GA 705 was a 210 cm male (Tursiops truncatus) weighing 96.8 G that had been recovered alive from the surf at Galveston Island, Wednesday June 7. This was a slender, immature male, estimated to be about 3 years old, possibly an off shore animal, suggested by the contrast markings, and a number of Xenobalaenus attached to the trailing edge of the flukes. He had been extensively bitten by sharks. All wounds, while extensive, were confined to the blubber, except for one which entered the right flipper joint.
GA 699 was a 245 cm long, 140.7 kg female (Tursiops truncatus) found alive during the day at Crystal Beach, Bolivar Peninsula, Galveston County. She died shortly before recovery by TMMSN.
GA 668, October 15, 1994
GA 668, a 145 cm female (Tursiops truncatus) weighing 45.9 kg was recovered dead, Code 2, from the surf at 45th St., Galveston, about 3:30 pm October 15, 1994.
GA 664, August 29, 1994
GA 664 was a 255 cm 130.4 kg female (Tursiops truncatus) recovered dead, Code 2 (very fresh), from East Beach (Galveston Condominiums) Galveston August 29, 1994.
GA 535 was a young, 216.5 cm long female (Tursiops truncatus) recovered dead from the Terrebon Beach/Bay Harbor area, near San Luis Pass, Galveston Island.
GA 484, February 1993
GA 484, a 219 cm long female (Tursiops truncatus) was recovered dead, Code 2, from Emerald Beach Island, 9.8 miles E of the ferry landing (8.53 NM east) 29o 26' 8" N, 94o 38' 7" W, in February 1993. She was estimated to be about 6 years old. Externally, she was in very good condition, with only a few small pits in the epidermis. All the joints were normal.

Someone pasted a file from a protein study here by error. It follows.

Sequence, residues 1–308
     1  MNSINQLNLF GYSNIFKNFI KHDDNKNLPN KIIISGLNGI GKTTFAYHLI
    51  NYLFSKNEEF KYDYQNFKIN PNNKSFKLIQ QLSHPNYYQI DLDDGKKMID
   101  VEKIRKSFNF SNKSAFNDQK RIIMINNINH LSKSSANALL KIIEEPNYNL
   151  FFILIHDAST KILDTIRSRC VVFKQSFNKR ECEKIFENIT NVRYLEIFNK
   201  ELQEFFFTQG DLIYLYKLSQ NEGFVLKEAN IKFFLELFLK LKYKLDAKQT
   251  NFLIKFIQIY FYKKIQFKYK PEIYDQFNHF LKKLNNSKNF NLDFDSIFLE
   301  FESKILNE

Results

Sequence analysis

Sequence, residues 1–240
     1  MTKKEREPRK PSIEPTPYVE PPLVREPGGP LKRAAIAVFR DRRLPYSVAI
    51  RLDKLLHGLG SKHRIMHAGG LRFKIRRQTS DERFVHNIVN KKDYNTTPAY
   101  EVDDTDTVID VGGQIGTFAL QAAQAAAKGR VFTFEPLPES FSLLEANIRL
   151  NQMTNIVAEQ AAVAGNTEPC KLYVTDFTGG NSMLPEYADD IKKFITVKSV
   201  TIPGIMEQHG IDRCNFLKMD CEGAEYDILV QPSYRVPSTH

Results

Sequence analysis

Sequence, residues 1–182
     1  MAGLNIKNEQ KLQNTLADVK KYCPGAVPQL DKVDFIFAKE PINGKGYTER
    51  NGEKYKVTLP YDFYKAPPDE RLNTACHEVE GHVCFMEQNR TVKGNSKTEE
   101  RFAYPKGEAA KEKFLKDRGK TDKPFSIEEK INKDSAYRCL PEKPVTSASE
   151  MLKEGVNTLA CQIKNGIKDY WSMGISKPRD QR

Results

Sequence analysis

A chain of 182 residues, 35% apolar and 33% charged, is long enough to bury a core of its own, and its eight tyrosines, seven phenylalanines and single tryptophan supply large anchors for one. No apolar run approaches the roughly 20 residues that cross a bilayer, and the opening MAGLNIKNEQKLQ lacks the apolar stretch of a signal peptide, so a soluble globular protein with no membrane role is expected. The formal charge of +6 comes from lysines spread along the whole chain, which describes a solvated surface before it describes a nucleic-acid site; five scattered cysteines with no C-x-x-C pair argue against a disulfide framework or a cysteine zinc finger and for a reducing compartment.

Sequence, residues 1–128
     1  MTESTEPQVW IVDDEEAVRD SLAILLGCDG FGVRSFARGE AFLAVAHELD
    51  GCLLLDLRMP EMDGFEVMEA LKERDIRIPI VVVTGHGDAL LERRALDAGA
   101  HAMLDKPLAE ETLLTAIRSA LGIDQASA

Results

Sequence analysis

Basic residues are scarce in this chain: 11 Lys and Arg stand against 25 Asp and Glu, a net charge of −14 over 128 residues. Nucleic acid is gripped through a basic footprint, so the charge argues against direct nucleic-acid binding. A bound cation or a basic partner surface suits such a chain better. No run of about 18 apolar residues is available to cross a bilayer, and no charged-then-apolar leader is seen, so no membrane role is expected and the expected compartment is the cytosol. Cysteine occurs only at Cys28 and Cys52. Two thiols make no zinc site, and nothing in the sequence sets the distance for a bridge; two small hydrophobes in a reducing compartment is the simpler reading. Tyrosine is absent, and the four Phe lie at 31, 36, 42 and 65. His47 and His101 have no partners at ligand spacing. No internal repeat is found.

GA 466 June 26, 1992
GA 466 was a 244 cm long female (Tursiops truncatus) identified about 4:30 pm, Friday June 26, 1992 at Surfside Beach.
GA 440 March 1992
GA 440 was a 247 cm, 38 year old male (Tursiops truncatus) recovered from Surfside Beach, Brazoria County, Texas in March 1992. This animal was one of the oldest we have examined, with its age established by counting the growth layers in the teeth. It has obviously lived an eventful life, evidenced by the heart scars and the enlargement of the adrenal glands, the main organ of adaptation.
April 16, 1991
GA407 was a 206 cm long female (Tursiops truncatus) recovered alive on April 16, 1991 from the Pirate's Beach area of Galveston Island. She died shortly thereafter.
CC233 March 26, 2006
CC 233 was a male melon-headed whale, Peponocephala electra measuring 246 cm long and weighing 185 kg, recovered alive from Marker 3, Padre Island National Seashore, north (Kleberg County, 27 21 670 N, 47 19 320 W, on March 26, 2006. He was found rolling around in the surf. Although outwardly he appeared to be in reasonably good condition, he seemed unstable, and was retained at the Texas State Aquarium for a period of preparation for transport.
CC 186 April 7, 2002
CC 186 was a 145 cm male bottlenose dolphin, Tursiops truncatus, estimated to be about 2 years old. He was found stranded April 7, 2002 near the 33 mile marker, Padre Island National Seashore (Kenedy County) by USGS personnel. It was reported that he had stranded earlier at the 44 mile marker, but had been pushed back into the water by observers. At the time of retrieval, he weighed 65 kg. He had several wounds attributed to a boat propeller, as well as small shark bites. He was taken to the Texas State Aquarium for care and rehabilitation. He was named ‘Corky’.
CC 162 March 4, 1999